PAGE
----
Russia Says Ready For Cooperation With Iran After UN Arms Embargo Expired | Iran International

Russia Says Ready For Cooperation With Iran After UN Arms Embargo Expired

In the first international reaction to the expiration of Iran’s UN arms embargo on October 18, Russia has pledged “cooperation in military-technical sphere” with the Islamic Republic.

Deputy Foreign Minister Sergey Ryabkov is quoted by TASS news agency that Russia is developing multi-aspect cooperation with Iran and “cooperation in the military-technical sphere will proceed depending on needs of the parties and mutual readiness to such cooperation in a calm fashion.”

The UN arms embargo on Iran was inscribed in resolution 2231 of the Security Council, which formalized the 2015 nuclear agreement between Tehran and world powers. The embargo was set for five years to expire on October 18, 2020. The United States attempted to extend it, arguing that Iran cannot be trusted with arms trade, because of its destabilizing role in the region. However, Russia, China and European powers opposed the US move.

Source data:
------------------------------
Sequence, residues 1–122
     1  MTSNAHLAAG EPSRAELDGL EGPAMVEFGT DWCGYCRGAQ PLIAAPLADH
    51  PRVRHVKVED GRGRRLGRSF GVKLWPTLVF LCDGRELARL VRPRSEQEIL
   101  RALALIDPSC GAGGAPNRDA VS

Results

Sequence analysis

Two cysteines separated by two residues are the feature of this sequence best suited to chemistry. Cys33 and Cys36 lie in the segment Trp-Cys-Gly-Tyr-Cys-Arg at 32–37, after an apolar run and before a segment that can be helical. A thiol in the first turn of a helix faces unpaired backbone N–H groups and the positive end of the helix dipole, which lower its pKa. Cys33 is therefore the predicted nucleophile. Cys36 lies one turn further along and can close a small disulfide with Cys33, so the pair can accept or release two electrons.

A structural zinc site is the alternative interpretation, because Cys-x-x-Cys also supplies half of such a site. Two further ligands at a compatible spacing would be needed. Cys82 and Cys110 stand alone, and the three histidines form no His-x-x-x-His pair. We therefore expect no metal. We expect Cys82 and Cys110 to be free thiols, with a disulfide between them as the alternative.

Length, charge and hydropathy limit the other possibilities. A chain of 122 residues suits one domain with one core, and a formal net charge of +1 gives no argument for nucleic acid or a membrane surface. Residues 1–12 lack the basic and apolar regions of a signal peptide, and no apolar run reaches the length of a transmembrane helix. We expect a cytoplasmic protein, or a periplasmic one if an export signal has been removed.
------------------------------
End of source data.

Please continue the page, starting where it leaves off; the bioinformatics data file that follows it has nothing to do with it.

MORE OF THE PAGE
Washington has announced it considers the arms embargo and all previous UN sanctions tied to Iran’s nuclear program still to be in effect and will enforce those sanctions. It is yet to be seen if the US will act against any companies doing arms trade with Iran.

Kazem Jalali, Iran’s ambassador in Moscow in a tweet in Russian on Sunday said, “the international community is disturbed by unilateral measures and insists on executing international agreements.”

Iran is claiming a diplomatic victory against the United States, but to what extent the end of the UN arms embargo can benefit Iran remains unclear. The country is in a financial crisis and can hardly afford large weapons purchases.